Before the arrival of European settlers, the Ute Indians inhabited and explored the high San Juan Mountains, including the region around present-day Telluride, mainly during the summers. The Spanish explorers entered the San Juan region in the late 1700s, marking the first European contact in the area. Initially, the only Europeans in the region were trappers and a few adventurous explorers.
The mining camp of Columbia, established in the 1870s, became the first settlement in the area. It was not until 1875 that John Fallon made a significant mineral claim called the Sheridan in Marshall Basin, located above the present-day Telluride.
Due to postal confusion with a mining town named Columbia in California, the settlement changed its name to Telluride in 1887. The name Telluride has various origin theories. Some believe it was named after the element tellurium, which is often found in association with silver and gold in certain ores, although ironically, it is not found in the Telluride area itself. Others speculate that it originated from the phrase "to-hell-you-ride!," reflecting the lively and rowdy character of the booming town in the 1880s, with its bustling gaming parlors and infamous brothels. In 1887, a local newspaper humorously noted the contrast between the number of churches and saloons in neighboring Ouray and Telluride.
Following the name change, Telluride experienced a mining boom, becoming one of the richest mining areas in Colorado and the entire United States during that era. The mountains surrounding Telluride are now riddled with an extensive network of over 800 miles of tunnels, a testament to the extensive mining activities that took place in the area.
By 1890, Telluride had transformed from a modest mining camp into a bustling international town with a population of 5,000 residents. The arrival of the Rio Grande Southern Railroad in that same year further facilitated the town's growth. People from various parts of the world, including Italy, Austria, Ireland, and Finland, flocked to Telluride, adding to its diverse and cosmopolitan character.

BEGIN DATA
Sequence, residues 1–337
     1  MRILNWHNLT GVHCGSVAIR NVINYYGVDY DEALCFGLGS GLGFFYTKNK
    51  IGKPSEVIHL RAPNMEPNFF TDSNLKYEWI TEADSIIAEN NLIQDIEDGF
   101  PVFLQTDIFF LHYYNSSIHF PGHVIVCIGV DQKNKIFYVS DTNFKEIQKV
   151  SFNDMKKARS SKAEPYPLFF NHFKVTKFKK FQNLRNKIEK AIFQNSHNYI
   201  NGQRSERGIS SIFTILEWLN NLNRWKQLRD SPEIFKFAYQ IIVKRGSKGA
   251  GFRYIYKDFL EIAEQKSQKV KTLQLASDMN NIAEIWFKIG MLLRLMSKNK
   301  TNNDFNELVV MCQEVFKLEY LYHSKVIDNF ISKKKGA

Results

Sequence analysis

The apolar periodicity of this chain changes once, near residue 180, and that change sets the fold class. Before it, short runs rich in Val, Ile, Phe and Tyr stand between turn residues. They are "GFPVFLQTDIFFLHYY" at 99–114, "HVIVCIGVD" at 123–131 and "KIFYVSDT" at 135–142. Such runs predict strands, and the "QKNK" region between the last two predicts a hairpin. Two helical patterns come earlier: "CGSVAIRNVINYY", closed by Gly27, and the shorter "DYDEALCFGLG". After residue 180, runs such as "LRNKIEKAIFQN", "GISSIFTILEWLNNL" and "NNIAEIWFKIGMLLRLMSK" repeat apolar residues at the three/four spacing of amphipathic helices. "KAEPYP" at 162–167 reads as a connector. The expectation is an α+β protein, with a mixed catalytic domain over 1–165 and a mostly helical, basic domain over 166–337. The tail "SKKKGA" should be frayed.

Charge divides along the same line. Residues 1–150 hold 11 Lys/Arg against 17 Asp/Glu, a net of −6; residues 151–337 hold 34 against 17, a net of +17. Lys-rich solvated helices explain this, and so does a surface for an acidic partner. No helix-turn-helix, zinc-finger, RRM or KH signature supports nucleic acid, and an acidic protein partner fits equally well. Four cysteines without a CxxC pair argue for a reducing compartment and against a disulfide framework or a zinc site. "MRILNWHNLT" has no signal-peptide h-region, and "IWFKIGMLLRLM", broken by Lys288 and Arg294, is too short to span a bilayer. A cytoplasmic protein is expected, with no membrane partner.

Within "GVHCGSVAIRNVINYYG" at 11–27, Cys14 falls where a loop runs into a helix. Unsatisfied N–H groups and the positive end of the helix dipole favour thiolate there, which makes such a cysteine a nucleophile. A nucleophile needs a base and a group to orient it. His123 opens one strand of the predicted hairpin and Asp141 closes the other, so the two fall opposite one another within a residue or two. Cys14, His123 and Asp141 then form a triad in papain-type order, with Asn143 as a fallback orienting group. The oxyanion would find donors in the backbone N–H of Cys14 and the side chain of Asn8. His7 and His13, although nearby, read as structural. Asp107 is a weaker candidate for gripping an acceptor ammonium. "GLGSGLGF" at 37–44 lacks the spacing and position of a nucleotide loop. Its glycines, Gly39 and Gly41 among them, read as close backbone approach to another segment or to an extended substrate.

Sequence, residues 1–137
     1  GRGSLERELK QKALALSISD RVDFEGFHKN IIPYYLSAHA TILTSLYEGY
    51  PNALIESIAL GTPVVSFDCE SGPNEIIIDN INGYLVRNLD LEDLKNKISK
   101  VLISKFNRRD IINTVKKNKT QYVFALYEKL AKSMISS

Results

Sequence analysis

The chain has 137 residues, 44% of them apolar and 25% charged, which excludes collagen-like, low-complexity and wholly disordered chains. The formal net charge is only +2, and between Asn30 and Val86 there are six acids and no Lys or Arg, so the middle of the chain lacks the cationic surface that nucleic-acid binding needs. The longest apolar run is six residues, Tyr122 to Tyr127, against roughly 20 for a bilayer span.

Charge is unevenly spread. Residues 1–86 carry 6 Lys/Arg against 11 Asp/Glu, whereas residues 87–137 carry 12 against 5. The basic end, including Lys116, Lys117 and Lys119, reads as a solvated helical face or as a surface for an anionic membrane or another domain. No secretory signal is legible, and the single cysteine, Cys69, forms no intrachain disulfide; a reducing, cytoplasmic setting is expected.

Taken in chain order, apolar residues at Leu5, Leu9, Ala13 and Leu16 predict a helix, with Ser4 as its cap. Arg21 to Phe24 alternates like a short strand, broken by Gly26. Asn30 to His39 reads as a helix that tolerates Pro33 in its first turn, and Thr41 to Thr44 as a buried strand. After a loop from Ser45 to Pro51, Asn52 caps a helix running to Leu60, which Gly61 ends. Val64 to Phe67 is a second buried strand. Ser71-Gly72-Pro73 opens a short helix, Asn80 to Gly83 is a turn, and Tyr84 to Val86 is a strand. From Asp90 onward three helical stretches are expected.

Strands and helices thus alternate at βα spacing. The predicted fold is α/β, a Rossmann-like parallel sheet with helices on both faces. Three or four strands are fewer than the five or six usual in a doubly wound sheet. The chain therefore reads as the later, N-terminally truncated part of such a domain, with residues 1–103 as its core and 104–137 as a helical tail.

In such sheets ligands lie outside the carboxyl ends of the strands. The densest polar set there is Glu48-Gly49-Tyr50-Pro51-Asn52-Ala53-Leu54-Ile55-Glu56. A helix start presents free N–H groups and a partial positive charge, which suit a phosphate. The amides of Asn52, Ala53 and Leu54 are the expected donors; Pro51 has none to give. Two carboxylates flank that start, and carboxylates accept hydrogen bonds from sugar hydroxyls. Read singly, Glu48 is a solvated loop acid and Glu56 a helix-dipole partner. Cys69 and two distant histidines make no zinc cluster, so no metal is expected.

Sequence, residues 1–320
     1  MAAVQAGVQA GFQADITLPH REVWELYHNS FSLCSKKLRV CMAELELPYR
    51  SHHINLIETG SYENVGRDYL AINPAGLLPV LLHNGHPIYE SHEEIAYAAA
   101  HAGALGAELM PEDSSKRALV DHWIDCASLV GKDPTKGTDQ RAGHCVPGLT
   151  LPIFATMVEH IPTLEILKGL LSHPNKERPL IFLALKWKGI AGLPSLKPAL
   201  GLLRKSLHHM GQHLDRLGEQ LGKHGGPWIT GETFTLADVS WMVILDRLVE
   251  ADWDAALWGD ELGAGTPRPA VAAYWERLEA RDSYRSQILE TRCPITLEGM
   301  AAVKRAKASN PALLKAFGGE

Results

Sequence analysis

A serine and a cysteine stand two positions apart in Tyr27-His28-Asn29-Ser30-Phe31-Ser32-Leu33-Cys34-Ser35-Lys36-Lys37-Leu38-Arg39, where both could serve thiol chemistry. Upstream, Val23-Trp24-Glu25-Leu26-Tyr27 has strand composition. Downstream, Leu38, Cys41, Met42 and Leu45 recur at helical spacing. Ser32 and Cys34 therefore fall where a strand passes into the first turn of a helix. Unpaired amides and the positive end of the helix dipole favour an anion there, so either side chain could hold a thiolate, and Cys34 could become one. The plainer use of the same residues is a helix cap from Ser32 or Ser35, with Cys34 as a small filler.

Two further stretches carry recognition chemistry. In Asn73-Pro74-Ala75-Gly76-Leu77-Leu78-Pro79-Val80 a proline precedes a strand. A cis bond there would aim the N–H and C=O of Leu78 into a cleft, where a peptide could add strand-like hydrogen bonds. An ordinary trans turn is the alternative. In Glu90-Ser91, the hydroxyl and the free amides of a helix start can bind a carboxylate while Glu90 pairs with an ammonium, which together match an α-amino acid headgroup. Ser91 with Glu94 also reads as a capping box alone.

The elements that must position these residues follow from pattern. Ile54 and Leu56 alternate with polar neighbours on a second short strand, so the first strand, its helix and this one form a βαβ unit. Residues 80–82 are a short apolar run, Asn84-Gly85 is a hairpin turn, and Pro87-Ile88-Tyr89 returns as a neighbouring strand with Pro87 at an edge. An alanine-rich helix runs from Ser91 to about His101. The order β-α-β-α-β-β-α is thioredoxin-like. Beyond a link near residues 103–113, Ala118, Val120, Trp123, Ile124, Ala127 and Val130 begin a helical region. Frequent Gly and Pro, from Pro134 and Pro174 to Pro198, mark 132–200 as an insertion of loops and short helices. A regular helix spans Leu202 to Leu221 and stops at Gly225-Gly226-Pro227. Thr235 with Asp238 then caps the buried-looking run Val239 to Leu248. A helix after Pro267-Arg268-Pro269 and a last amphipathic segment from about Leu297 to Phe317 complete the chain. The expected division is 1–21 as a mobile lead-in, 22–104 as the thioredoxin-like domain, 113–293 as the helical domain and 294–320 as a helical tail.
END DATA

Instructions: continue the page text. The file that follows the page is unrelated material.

During this period, the town experienced a rapid expansion in housing and infrastructure. Lots, which were sold for a mere $1 in 1881, were developed into a mix of dwellings, ranging from simple wooden miners' shacks to opulent Victorian mansions belonging to the mine owners. The vibrant Main Street boasted a lively scene, lined with a variety of establishments such as shops, livery stables, saloons, and gambling halls.
Following the silver crash of 1893, the town transitioned into a "gold boom" era, which sustained Telluride's vibrancy. Despite the economic shifts, the community continued to thrive with a rich social life. Dances, plays, and marching bands were common occurrences, adding to the lively atmosphere. The infamous Popcorn Alley, named for the constant opening and closing of doors in its bordellos during the night, remained a symbol of Telluride's spirited nightlife.
In 1895, the New Sheridan Hotel became a pride of Telluride. It rivalled Denver's renowned Brown Palace Hotel in terms of cuisine and service. Notable personalities, including presidential candidate William Jennings Bryan, delivered speeches from the hotel's balcony. Renowned figures such as Lillian Gish and Sarah Bernhardt were among the many celebrities who chose to stay at the New Sheridan. The adjacent Sheridan Opera House, constructed in 1914, served as both a 200-seat theater and a dance hall, further enriching Telluride's cultural scene.
Telluride's allure attracted a mix of notable and notorious individuals. It was in Telluride that Butch Cassidy, the infamous outlaw, began his bank-robbing career at the San Miguel National Bank in 1889, leaving a mark on the town's history.